Results obtained during the province-wide implementation validate those obtained during the pilot phase and demonstrate, six months after the intervention, that the program helps foster a greater ability to take action in regard to disclosure as well as a greater feeling of personal achievement in managing disclosure or non-disclosure. The impact of the program was documented with questionnaires before and after the series of workshops, groups discussions with participants and facilitators and the coordinator’s notes.

Among women who have taken part in the program since the pilot phase, more than half were born abroad and the majority of them came from Haiti or Africa. On average, participants had known they were HIV-positive for nearly 10 years and most were on treatment. More than a third of them were in a relationship, and all of these women had disclosed their HIV-positive status to their partner. More than 75% of participants had children, and among this group, at least one of their children was aware of their positive status.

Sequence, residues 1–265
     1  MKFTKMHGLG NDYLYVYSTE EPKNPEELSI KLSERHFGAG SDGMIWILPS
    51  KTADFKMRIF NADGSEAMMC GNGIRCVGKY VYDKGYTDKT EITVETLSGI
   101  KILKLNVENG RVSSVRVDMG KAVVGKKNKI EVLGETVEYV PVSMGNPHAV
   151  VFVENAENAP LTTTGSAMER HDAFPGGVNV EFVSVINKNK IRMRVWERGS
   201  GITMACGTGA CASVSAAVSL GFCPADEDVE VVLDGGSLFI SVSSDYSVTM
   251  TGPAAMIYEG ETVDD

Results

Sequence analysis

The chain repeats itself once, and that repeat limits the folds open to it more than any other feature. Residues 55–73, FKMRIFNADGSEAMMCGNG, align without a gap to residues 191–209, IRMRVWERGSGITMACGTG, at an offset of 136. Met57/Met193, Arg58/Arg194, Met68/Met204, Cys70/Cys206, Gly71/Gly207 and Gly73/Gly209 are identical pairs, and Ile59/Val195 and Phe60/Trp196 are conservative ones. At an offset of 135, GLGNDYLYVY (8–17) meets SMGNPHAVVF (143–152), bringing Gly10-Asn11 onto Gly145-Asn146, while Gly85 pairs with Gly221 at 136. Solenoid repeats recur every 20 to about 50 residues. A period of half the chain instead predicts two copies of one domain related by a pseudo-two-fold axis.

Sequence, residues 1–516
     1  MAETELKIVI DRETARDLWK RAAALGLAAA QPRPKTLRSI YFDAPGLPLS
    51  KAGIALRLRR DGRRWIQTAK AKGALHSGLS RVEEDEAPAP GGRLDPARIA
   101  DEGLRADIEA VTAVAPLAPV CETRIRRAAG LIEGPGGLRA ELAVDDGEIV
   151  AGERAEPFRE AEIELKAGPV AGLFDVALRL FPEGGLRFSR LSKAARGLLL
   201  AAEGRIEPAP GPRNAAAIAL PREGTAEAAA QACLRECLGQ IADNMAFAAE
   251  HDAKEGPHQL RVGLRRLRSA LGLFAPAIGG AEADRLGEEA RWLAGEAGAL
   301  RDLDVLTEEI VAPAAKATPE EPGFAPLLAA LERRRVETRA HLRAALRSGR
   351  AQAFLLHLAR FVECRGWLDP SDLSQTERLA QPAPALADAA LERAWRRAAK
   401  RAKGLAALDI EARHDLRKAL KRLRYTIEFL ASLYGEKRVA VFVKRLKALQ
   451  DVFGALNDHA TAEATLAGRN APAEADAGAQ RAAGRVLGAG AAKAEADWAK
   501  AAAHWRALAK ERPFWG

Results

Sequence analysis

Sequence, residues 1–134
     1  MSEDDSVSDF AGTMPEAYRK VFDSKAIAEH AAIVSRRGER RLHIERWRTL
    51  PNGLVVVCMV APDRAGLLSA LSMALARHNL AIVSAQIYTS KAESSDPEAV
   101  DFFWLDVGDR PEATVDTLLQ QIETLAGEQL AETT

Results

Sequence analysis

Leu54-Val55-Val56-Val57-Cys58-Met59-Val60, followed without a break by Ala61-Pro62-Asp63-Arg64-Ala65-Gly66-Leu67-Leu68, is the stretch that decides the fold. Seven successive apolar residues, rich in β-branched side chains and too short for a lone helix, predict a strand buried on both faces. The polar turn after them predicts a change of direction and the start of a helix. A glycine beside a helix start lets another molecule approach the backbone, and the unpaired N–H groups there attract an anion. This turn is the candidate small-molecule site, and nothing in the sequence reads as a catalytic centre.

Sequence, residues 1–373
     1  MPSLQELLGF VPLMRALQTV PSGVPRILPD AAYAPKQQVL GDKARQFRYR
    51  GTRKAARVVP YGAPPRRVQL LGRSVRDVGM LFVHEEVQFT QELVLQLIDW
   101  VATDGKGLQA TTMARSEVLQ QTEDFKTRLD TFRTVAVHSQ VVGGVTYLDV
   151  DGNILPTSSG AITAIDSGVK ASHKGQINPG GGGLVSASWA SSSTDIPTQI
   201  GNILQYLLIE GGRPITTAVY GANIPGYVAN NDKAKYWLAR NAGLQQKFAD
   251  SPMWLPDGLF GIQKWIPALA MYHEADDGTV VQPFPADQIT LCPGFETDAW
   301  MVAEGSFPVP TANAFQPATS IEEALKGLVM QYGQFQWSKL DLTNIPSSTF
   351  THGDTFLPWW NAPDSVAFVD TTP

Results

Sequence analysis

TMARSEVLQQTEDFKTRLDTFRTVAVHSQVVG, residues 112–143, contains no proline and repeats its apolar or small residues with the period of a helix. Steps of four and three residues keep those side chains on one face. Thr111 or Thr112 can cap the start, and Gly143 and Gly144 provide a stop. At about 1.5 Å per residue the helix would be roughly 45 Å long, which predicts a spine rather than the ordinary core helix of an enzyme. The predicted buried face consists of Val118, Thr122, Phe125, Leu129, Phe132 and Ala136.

Nearly all women who were surveyed said they were keeping their HIV-positive status secret in some context. Among participants who had disclosed their positive status to at least one person, their spouse, an immediate family member (generally their mother or sister) or a friend were the people to whom they had most commonly made the disclosure.

Women who took part in the workshops have reported the following:

  • They recognize the importance of the support from other women in deciding to disclose or not.
  • They are able to make educated decisions freely about disclosing in different situations.
  • They are able to plan and apply strategies to disclose their status or keep it secret.